Sam Buckley: on the 'Hungry Gap'

by Sam Buckley 27 November 2021
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With an arsenal of innovative experimental preserves, his own rooftop kitchen garden and relationships with the best producers in the UK, Sam Buckley works with his team in the airy open kitchen to create multi-course tasting menus of pure magic at his Stockport restaurant Where The Light Gets In.

With an arsenal of innovative experimental preserves, his own rooftop kitchen garden and relationships with the best producers in the UK, Sam Buckley works with his team in the airy open kitchen to create multi-course tasting menus of pure magic at his Stockport restaurant Where The Light Gets In.

As the temperature drops and the first frost sets in, at Where The Light Gets In we are busy preparing for the time of year known traditionally as the ‘Hungry Gap’.

Before the advent of growing with artificial energy in polytunnels and flying produce in from overseas, the Hungry Gap referred to a time of year when fresh food grown by traditional methods starts to slow down. It is a time when the English kitchen garden dies back, leaving only a handful of brassica and roots. As we don’t use produce grown abroad or out of season ingredients, we enjoy this time immensely as it tests our creativity and resources to come up with a delicious and inventive menu for our guests.

The Hungry Gap lasts from December right up until the end of April, which is when the first broad beans are picked from their pods. It means we are left to rely on roots such as celeriac, parsnips and potatoes, along with the likes of cured squash, grains and pulses, shellfish and the plethora of preserves that we have prepared in advance.

We begin to use the smoker and add more fats to our dishes in order to get a depth and richness that will combat the chill. We serve a broth to the beginning of the menu to welcome our guests in from the cold. We add richness to dishes using cheese. There are still some things that can be sourced from the wild, too. We take the last of the rosehips, haws, three-cornered leek, chestnuts and roots from dandelion and burdock.

We favour the use of game at this time of year, either in the form of venison fresh form the cull or wild mallards that are shot in order to protect the seeds now sown for the spring harvest. We also take farmed Pekin duck from small-scale farmers. These we age for up to two weeks and smoke them before finishing them on the barbecue. Even though the barbecue is associated with the summer I think it has a fitting place in the darker months, as the flavours of charcoal and smoke bringing a sense of warmth and comfort.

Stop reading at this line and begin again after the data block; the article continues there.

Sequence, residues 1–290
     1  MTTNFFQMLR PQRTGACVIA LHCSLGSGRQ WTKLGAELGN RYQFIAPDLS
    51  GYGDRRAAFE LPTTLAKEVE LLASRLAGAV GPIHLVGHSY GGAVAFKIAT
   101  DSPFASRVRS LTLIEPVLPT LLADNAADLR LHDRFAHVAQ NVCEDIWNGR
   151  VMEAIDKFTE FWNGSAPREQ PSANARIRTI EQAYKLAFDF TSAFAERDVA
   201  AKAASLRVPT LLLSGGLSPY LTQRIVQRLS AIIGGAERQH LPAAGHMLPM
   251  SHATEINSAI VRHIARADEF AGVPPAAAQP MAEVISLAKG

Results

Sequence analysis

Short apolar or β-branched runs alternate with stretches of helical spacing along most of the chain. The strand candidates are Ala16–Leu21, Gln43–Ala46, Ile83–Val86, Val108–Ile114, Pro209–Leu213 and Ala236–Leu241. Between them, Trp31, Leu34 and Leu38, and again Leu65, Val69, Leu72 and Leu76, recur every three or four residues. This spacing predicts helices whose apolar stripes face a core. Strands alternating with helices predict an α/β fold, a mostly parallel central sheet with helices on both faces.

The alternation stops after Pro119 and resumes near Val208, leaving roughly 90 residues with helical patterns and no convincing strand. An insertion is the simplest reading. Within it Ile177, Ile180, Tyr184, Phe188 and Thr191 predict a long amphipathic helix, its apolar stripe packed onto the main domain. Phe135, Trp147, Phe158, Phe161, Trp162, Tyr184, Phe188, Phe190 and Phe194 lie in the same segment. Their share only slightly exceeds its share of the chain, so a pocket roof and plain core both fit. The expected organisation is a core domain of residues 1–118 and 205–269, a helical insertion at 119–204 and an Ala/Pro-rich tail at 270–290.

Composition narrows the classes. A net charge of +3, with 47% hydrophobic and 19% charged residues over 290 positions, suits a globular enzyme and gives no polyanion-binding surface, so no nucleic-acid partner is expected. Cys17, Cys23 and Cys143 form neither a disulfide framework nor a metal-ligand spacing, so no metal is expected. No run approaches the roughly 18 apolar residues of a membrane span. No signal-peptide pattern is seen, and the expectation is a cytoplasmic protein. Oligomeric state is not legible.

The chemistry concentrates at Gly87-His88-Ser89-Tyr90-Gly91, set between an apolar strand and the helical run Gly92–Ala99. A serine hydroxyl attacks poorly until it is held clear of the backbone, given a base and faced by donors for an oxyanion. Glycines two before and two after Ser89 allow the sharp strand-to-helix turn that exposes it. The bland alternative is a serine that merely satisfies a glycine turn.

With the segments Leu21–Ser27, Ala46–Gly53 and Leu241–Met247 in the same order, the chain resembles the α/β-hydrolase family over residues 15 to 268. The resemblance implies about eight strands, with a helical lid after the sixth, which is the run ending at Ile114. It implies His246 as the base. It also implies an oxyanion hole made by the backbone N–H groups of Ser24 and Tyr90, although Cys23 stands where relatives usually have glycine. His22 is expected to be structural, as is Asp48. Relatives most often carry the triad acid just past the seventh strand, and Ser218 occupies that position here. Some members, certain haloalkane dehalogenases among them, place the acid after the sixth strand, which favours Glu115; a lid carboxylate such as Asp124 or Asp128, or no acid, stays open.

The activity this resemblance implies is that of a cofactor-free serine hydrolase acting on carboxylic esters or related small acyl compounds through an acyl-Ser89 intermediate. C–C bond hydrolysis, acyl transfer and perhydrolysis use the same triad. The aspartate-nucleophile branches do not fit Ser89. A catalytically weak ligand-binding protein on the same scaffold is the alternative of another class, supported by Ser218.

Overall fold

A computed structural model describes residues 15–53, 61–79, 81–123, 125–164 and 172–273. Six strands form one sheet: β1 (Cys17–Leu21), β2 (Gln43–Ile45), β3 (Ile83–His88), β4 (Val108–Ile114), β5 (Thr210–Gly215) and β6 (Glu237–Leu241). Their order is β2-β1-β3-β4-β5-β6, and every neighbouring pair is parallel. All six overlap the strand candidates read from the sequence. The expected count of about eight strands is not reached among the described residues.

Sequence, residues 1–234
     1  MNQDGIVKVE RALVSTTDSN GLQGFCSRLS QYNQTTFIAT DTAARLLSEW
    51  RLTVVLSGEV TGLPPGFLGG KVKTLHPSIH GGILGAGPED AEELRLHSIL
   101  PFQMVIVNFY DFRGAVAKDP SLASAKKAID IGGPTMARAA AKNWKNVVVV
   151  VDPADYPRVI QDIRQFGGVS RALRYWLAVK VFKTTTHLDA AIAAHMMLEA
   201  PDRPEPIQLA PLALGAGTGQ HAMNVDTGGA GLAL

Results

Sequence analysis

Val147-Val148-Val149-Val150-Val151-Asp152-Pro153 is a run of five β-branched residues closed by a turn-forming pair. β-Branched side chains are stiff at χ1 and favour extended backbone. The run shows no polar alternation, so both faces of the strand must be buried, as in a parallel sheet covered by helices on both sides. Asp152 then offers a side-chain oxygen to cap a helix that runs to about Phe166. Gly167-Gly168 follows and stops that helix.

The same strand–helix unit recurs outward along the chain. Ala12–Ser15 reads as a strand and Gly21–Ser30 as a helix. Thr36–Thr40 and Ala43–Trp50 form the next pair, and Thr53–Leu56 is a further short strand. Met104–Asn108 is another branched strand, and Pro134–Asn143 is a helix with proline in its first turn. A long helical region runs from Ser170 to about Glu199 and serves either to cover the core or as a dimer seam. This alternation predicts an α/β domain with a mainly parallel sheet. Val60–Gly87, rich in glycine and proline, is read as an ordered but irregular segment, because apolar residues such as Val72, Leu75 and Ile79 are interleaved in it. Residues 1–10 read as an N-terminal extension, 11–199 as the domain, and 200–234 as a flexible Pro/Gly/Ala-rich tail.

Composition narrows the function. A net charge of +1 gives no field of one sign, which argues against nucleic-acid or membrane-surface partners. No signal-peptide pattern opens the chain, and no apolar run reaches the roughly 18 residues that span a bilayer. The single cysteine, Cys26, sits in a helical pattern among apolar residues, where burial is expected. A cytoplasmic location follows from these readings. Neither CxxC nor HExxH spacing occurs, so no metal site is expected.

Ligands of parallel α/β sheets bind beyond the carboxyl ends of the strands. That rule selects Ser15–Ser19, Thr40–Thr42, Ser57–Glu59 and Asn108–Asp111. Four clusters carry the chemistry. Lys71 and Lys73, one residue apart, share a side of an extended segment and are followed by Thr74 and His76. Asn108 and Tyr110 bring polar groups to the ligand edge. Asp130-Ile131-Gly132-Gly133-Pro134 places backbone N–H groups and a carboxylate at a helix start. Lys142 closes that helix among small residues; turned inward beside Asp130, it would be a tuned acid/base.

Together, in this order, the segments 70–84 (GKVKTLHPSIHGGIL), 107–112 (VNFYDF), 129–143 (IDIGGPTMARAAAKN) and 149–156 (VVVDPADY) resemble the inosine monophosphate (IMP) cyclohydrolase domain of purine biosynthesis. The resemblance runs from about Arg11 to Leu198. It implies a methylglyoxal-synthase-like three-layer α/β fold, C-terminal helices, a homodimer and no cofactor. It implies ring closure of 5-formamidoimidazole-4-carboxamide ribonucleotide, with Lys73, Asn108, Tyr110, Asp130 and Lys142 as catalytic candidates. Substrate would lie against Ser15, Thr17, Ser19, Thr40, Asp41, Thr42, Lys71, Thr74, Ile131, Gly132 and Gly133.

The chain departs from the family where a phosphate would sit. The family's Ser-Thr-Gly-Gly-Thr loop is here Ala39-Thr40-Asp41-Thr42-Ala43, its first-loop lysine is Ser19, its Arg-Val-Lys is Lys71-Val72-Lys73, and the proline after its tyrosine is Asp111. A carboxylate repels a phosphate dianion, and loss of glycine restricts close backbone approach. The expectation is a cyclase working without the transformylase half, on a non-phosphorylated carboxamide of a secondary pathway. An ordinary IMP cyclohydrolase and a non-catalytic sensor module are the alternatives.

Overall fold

Pickles at this time of year bring a spark and energy to the palate in replacement of fresh herbs. If summer is abundant in the variety of produce available then the winter matches that with the diversity of ideas and techniques that we draw out of a less-varied selection of ingredients.

One such dish that always remains through these months is a porridge. Enabling the diner to hug a deep, warm bowl, to be comforted by this very motion of eating with a spoon, holding the bowl close to their chest – it gives a true vision of winter comfort.

We use a variety of grains for our porridges such as wheat, barley, rye, spelt and millet. After a night soaking where they ferment and break down just a little we will cook them gently in a stock made of mushrooms or chicken wings. We add whey to lighten the whole thing then add the grains one by one to a master pot. The porridge will be finished with some mushrooms fried lightly in butter, chicken livers to the same effect or scoops of roasted squash. A salty cheese sauce made by emulsifying melted cheese with water adds richness.

Though a dish such as this doesn’t seem fitting for a fancy dining menu it tells such a lovely story of the humble offerings of this time of year and the generosity one can find through scooping into a warm bowl of gently cooked grains. A hearty, comforting and honest representation of the food available in this particular corner of the world at this particular time of the year.